Science is about facts. But how you convey those facts matters almost as much as the facts themselves. After all, if people can't understand what you're talking about enough to apply the information, it doesn't really matter much how good your data is. This is particularly true when you're talking about stuff like climate change. If you can't connect with people in a visceral, emotional way, will they remember or listen to what you're trying to tell them?
Science journalist Eli Kintisch is trying to address that problem by using public art to help people better understand the science and the risks surround climate change. Earlier this year, he organized To Extremes, a contest and exhibition of proposals for large-scale public art projects centered around the theme of climate science.
If you're in the Boston area, you can check out the proposals at an exhibition that runs April 20th through April 29th in MIT's Maseeh Hall dormitory. There's an official reception for the even April 23rd at 7:00 pm.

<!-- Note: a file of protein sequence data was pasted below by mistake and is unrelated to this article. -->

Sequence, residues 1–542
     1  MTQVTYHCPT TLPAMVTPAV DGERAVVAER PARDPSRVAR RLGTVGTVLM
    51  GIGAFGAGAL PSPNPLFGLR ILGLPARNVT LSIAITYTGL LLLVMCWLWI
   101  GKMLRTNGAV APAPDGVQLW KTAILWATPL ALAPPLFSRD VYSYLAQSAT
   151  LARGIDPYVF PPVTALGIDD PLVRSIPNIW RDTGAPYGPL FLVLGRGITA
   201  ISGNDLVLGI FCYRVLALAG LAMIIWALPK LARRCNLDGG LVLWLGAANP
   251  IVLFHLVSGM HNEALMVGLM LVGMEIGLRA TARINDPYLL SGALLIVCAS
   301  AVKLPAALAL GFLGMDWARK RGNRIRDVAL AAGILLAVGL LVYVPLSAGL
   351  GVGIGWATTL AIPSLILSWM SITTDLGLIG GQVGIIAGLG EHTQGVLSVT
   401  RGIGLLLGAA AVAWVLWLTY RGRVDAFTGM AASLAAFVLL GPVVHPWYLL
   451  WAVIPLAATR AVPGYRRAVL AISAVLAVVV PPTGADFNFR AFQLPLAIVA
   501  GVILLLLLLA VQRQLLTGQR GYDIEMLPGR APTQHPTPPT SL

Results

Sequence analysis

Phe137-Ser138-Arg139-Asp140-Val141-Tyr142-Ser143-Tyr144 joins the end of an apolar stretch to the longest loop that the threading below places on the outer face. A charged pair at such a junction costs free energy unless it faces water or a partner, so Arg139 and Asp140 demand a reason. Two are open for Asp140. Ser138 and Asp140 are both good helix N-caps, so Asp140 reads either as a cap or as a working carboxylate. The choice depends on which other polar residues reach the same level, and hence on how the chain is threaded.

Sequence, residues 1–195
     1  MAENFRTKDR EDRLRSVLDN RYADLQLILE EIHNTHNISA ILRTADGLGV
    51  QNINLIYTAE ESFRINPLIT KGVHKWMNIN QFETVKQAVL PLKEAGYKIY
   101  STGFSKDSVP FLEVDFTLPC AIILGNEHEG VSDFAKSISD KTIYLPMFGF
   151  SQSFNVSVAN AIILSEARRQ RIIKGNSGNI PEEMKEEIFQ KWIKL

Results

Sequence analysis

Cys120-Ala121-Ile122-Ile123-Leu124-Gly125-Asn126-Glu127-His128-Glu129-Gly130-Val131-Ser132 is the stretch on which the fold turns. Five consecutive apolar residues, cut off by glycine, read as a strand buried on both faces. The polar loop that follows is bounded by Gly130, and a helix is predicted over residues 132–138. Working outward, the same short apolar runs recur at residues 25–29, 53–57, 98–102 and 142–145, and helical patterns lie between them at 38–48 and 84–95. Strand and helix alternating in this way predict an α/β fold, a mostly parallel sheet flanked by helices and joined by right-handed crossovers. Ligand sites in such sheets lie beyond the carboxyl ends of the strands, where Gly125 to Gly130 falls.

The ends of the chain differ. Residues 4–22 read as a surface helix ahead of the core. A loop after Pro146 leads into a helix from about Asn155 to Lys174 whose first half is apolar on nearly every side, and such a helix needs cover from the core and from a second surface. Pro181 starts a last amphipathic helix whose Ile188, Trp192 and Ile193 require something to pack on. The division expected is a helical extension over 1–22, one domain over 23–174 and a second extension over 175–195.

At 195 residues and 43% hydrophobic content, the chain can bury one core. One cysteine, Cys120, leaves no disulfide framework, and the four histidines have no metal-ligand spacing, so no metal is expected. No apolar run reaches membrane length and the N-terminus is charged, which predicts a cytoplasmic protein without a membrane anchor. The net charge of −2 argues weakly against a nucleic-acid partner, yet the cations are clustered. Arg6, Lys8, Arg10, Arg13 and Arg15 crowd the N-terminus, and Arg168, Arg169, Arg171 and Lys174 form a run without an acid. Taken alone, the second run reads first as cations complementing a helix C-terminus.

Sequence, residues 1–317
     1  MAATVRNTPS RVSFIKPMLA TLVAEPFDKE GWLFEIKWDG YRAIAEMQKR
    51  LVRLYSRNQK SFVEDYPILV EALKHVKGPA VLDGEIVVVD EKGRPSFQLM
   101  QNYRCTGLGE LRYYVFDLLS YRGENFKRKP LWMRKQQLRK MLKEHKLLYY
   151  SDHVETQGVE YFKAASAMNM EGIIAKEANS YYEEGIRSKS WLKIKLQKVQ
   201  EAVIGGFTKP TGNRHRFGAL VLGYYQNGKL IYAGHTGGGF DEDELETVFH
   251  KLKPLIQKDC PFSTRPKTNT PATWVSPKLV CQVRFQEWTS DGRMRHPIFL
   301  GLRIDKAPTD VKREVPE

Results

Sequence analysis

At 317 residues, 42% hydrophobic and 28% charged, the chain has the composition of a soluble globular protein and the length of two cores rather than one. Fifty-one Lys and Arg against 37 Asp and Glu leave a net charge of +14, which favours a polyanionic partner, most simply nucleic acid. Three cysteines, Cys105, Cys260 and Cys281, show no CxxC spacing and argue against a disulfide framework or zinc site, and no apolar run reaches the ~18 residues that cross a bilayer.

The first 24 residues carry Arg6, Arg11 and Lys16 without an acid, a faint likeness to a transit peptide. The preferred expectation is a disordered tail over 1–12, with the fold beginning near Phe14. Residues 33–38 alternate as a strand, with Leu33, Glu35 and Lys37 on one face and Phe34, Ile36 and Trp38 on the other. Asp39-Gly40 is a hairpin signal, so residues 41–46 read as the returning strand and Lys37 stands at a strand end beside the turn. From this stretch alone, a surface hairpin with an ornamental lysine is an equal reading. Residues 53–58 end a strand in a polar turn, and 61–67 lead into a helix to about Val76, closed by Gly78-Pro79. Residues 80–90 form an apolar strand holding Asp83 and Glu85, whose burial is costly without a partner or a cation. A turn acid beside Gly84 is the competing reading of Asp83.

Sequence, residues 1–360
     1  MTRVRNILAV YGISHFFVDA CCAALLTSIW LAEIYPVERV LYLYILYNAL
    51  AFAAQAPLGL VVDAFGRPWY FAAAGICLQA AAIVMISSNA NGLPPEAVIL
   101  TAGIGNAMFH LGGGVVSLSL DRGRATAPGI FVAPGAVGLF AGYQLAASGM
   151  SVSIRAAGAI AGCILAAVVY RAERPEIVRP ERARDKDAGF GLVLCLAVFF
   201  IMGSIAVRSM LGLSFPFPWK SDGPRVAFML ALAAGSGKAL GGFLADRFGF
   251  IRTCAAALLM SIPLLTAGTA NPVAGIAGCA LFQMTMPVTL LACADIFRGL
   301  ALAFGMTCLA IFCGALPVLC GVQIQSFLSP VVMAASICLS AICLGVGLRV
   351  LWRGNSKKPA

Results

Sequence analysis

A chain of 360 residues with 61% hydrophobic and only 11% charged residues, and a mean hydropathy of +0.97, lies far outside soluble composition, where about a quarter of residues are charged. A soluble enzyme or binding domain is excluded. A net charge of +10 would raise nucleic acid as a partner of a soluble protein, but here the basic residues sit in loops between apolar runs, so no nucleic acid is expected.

The image above comes from the winning proposal submitted by UK artist Sam Jury. Called "All Things Being Equal" it involves a series of commissioned films about the personal impacts of extreme climate events. The videos are paired with an algorithm that chooses which clips to play based on real-time weather data from around the globe. Plans are currently underway to install "All Things Being Equal" at a public site.
Maggie Koerth-Baker is the science editor at BoingBoing.net. She writes a monthly column for The New York Times Magazine and is the author of Before the Lights Go Out, a book about electricity, infrastructure, and the future of energy. You can find Maggie on Twitter and Facebook.